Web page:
Tuesday, November 29, 2011

The Val Parnell Room

Outside the Palladium - Guess who they're off to see   ©2011 Steve Ember

A couple of professional honors led to a trip to London earlier this month to attend an awards gala. As it was a major honor, I wanted the trip to be really special – an early birthday gift perhaps. And it was.

These London Vignettes relate some of the “special” parts of my visit, including a couple of theater evenings in the West End.

There is something so enchanting about letting a London theater speak to you of its rich history.  And sometimes, all it takes is open eyes and a mind that may have been genetically engineered to collect trivia. 

I hasten to add, while I do often refer to my own collection of gray matter as a veritable repository of trivia, much of it related to music and the arts, there will be nothing trivial about the talents referred to in this little account, occasioned by my first visit to the London Palladium.
                 Inside the magnificent London Palladium               ©2011 Steve Ember               

During the interval (“intermission” to my fellow Yanks) in the enchanting new production of “The Wizard of Oz,” being in a celebratory mood, I headed for the theater’s attractive bar for some refreshment.

On the way there, I passed the men’s room.  Someone had just entered, and while the door was open, I spied a photo on the wall.  Frank Sinatra - one of the entertainment legends to have performed at the London Palladium – in a tux, with that famous smile. Not surprising, of course, but “special,” as one visits this legendary West End palace of entertainment for the first time, and opens oneself to any and all manifestations of its rich history.

But what really stoked up the trivia synapses residing somewhere behind my eyeballs and between my ears was the “Val Parnell Room.” Hmmm, the Val Parnell Room….

Val Parnell…Val Parnell...

Now, while I have been known to live and breathe Musical Theater, including having been an active broadcast proponent of the best of the genre for many years, I’ll admit to ignorance regarding Val Parnell.  Well, sort of…

You see, one of my favorite Alfred Hitchcock films was his 1956 remake of “The Man Who Knew Too Much,” starring James Stewart and Doris Day with a superb British and European supporting cast.  I saw it for the first time in one of Baltimore’s grand old movie palaces as a kid…followed by countless times on TV…and now it is a staple of my DVD collection.

Now, when I love a film, it takes up permanent residence in those dendrites and synapses of the aforementioned gray matter trivia processing center.

Val Parnell – Of course! When Dr Ben McKenna (James Stewart) and his wife Jo, a former musical comedy star, who, by the way also “played the Palladium” (Doris Day) come to London to track down their son Hank, who has been kidnapped in Marrakesh by an innocent looking British couple, the Draytons (Bernard Miles and Brenda de Banzie) and brought to London as insurance against some important information Dr McKenna picked up regarding an imminent assassination of a diplomat coming to the attention of authorities….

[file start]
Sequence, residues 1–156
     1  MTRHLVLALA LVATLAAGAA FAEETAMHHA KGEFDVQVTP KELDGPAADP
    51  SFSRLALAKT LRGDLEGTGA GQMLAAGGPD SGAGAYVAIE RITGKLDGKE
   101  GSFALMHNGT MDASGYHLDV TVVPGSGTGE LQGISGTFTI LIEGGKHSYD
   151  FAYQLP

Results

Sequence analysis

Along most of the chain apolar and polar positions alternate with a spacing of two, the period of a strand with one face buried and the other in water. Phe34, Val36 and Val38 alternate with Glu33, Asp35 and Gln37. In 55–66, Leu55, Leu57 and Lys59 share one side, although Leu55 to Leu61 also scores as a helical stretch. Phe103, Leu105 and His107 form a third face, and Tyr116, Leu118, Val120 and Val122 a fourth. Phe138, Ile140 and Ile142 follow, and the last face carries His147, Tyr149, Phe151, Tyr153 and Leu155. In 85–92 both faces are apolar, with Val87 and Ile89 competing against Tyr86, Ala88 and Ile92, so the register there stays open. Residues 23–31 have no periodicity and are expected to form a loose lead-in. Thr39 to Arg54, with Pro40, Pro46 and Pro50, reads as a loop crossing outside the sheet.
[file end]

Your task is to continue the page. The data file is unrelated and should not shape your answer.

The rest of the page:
Well, as you may recall if you are a fellow devotee of this wonderful film, Dr McKenna phones ahead to London to Jo’s old Palladium friends, “the Parnells,” for assistance with booking  a hotel.

Back to the “real” Val Parnell (and this is what I didn’t know), he was a London impresario from the mid ‘40s through the ‘60s, in charge of some of the city’s most prestigious theaters, including the Palladium. He was also a famous television presenter. And, if you take away nothing more from this ramble, next time you listen to the original cast recording of “My Fair Lady” or “Camelot” or watch “The Sound of Music,” you may wish to raise a glass to Mr. Parnell’s memory.  He introduced a twelve year old Julie Andrews to her manager.

And, yes, I will now respond to Wikipedia’s “Personal Appeal from Founder Jimmy Wales” with a contribution.

So, to draw up that connection between my first enchanting visit to the London Palladium and a favorite Hitchcock film – and say “thank you” to my trivia-collecting gray matter neurons…

Hitchcock’s resourceful screenwriter for “The Man Who Knew Too Much” (1956 version), John Michael Hayes, paid a most appropriate homage to Val Parnell (and his wife Helen) while giving added facets to the “back story” of  Doris Day’s character, Jo McKenna, by making Mr. and Mrs. Parnell characters in the screenplay. 

Veteran British actor Alan Mowbray played Mr. Parnell, I daresay making the impresario’s name even more widely known, and the very lovely American actress Alix Talton played his wife Helen.  Together, they create some charming moments with two other gals who played the Palladium with Jo, including, of course, their repartee over “Ambrose Chapel” (“It’s not a man; it’s a place!”) and speculate as to whether all the running about over the Chapel thing isn’t part of some sort of American gag. To which, Val says, “I’ll ask Danny” – apparently a reference to American entertainer Danny Kaye, another star who appeared at the Palladium around the time of the movie.

See the movie…take it down from that dusty VHS shelf…rent it or purchase a new DVD …oh, yes, and visit the Palladium. Now would be a good time, so you can enjoy the new production of “The Wizard of Oz.” It enchants.

During the interval, look in on the Val Parnell Room.

Oh, and do remember, if your back yard has been overrun by snails, there’s always a Frenchman.

And now, if you’ll excuse me, I shall put Doris Day’s recording of “Que Sera, Sera” on my trusty Technics turntable, while I enjoy the photos and memories from my first night at the London Palladium.

Oh, yes, then ‘twill be time for another viewing of “The Man Who Knew Too Much.”

©2011 Steve Ember

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